DC: … I don't know the exact budget of Red Bull Racing, any more than I know the exact budget of Toro Rosso, but one of the biggest expenses for a team is the actual design and the research and development that goes into actually creating the design of a racing car. All of that is done by Red Bull Technology which is obviously funded by Red Bull, and then Red Bull Racing is funded by Red Bull and Toro Rosso is funded by Red Bull. Toro Rosso is gearing up from a small racing team to being a manufacturer in the future.

I think you're all likening Toro Rosso to the Minardi days where they were always at the back, never had the funding and never really had the car to get results. I think you just have to forget that and look at the fact that they have the same car that we have – they obviously have different drivers and a different engine – but they have enough people to build that car, they have the facilities to build it and take it to the Grands Prix.

If you look at a GP2-type scenario you have teams with the same equipment who manage to get slightly more out of it on a given weekend than another. If you actually look at it from that point of view you can say that they have been able to get a bit more out of the package over the last few races than we have. But the thought that they are a minnow team with not enough money to put tires on the car is just not the reality. You suggested they were under-funded.

Q. Q. (Mark Fogarty – Auto Action) But they don't have the same resources as Red Bull.

MW: They don't need ‘em, mate.

DC: They don't have to design their own racing car; we do that for them.

Q. (Mark Fogarty – Auto Action) Isn't that even more concerning for you then?

DC: Obviously we would like to be the Red Bull part of the team that's doing the winning, that's obviously the focus as a team. They've managed to get there before us but I don't think there's any embarrassment on our part. Four years ago they started a journey to take Jaguar – as it was in those days – and take them forward into being a winning constructor and ultimately to challenge for championships in the future, and I think four years in, you can say the first part of that dream is being realized, just with a different part of the Red Bull organization than our team.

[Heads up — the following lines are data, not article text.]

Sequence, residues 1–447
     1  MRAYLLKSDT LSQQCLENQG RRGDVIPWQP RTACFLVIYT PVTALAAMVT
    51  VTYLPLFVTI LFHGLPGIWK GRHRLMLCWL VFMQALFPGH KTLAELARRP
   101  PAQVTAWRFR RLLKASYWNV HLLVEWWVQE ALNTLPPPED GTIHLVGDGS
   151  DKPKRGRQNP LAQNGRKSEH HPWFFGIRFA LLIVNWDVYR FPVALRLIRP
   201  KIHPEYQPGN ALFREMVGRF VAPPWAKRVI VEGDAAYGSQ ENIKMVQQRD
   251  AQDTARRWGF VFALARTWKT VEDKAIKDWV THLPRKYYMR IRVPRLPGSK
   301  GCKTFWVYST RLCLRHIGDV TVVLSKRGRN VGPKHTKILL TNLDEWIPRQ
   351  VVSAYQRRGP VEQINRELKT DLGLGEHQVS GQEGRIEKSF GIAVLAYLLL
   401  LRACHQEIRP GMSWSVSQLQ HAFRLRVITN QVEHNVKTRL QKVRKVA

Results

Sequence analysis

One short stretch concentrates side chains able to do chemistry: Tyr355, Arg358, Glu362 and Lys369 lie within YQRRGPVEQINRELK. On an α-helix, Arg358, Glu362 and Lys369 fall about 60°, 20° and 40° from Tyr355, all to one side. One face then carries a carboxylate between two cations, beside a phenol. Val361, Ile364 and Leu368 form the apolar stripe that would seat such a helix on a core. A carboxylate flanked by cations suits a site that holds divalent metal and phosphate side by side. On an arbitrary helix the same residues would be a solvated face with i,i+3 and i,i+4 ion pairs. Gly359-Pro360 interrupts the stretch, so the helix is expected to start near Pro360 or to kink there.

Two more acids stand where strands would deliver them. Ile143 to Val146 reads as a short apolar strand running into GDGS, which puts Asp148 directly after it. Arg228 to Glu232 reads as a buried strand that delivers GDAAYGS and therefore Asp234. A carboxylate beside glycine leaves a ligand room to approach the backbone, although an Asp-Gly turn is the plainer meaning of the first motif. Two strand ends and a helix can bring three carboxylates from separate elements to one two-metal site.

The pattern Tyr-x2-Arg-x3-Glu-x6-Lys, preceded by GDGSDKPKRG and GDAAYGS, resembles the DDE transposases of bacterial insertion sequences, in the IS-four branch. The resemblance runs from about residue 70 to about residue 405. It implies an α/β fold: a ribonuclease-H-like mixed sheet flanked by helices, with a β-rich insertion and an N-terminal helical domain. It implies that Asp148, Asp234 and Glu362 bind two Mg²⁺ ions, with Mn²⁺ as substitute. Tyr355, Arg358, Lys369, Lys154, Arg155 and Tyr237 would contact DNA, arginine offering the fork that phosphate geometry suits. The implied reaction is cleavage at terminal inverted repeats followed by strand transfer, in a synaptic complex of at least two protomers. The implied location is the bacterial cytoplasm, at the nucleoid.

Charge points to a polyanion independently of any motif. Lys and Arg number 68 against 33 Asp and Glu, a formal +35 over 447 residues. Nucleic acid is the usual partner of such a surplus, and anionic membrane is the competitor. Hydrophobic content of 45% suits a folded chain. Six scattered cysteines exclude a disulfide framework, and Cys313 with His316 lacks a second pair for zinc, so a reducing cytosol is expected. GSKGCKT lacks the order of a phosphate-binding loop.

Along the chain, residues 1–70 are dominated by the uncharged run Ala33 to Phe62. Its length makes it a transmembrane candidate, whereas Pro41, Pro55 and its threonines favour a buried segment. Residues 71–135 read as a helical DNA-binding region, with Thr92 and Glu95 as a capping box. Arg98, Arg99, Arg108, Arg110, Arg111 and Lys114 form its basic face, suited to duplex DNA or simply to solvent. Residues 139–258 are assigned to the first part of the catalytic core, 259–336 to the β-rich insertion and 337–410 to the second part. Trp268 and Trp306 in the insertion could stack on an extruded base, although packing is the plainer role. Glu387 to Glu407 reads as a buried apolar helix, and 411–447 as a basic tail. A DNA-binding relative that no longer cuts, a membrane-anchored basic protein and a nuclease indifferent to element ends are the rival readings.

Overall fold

We just have to take that on the chin and realize that there are areas that we've got to improve. We're able to see differences between our package and their package in a way that McLaren cannot have that access to the difference between their car and Ferrari. The difference between McLaren and Ferrari on a given weekend is no more or less than the difference between Toro Rosso and ourselves on a given weekend. If McLaren get beaten, they are not embarrassed, they focus on trying to improve their job and likewise for Ferrari. I just don't see the picture in the way that you see it or it appears that you see it. We just need to get on and make better use of the tools that we have.

Q. (Leonard Lim – The Straits Times) Given this is the first night race and the first race in Singapore, how important does it make practice tomorrow?

MW: Practice, on a new circuit, is always crucial, so whether it was Valencia or Turkey a few years ago or any new venue that we go to, we might do a few more laps, obviously we've still got a limitation on the amount of tires that we have, given to us on a Friday, so if it's dry all day, we only have four sets of tires to use. You always look at the balancing act between information that you're gaining if you're beginning to run out of a little bit of rubber or going out there and getting some knowledge on a new venue.

There is more of a compromise compared to a place like Barcelona where we obviously know the place very, very well and we would treat track time a little bit differently. I think you will see teams pretty keen to get a bit more mileage in than on a standard circuit and also it's potentially quite a difficult circuit in places, so that's another reason to do a little bit more. There's also one hour between the two sessions on Friday which is a little bit unusual, so we have less time to adapt the cars or change the gear ratios and things like that than we would at a conventional Grand Prix, so there are a few more things that are a little bit different but we're well prepared for these problems or challenges.

HK: I think the track time is going to be important and the circuit is going to be improving throughout the weekend, so to try and build it up towards qualifying will be crucial. As Mark said, there is always a balance between the information that we gain and the tires that you have available etc. but I think, compared to a more normal circuit, it is important to do a few laps as well.

LH: Practice will be as important as ever, to get in as much mileage as possible tomorrow.

DC: Yeah, if it doesn't rain, the best lap or the best condition the track will be in will be the last lap of the Grand Prix because that's obviously when more rubber has gone down than at any other point, so tomorrow will give us a look see where the track goes but I expect the track to evolve quite a bit Friday to Saturday, Saturday to Sunday.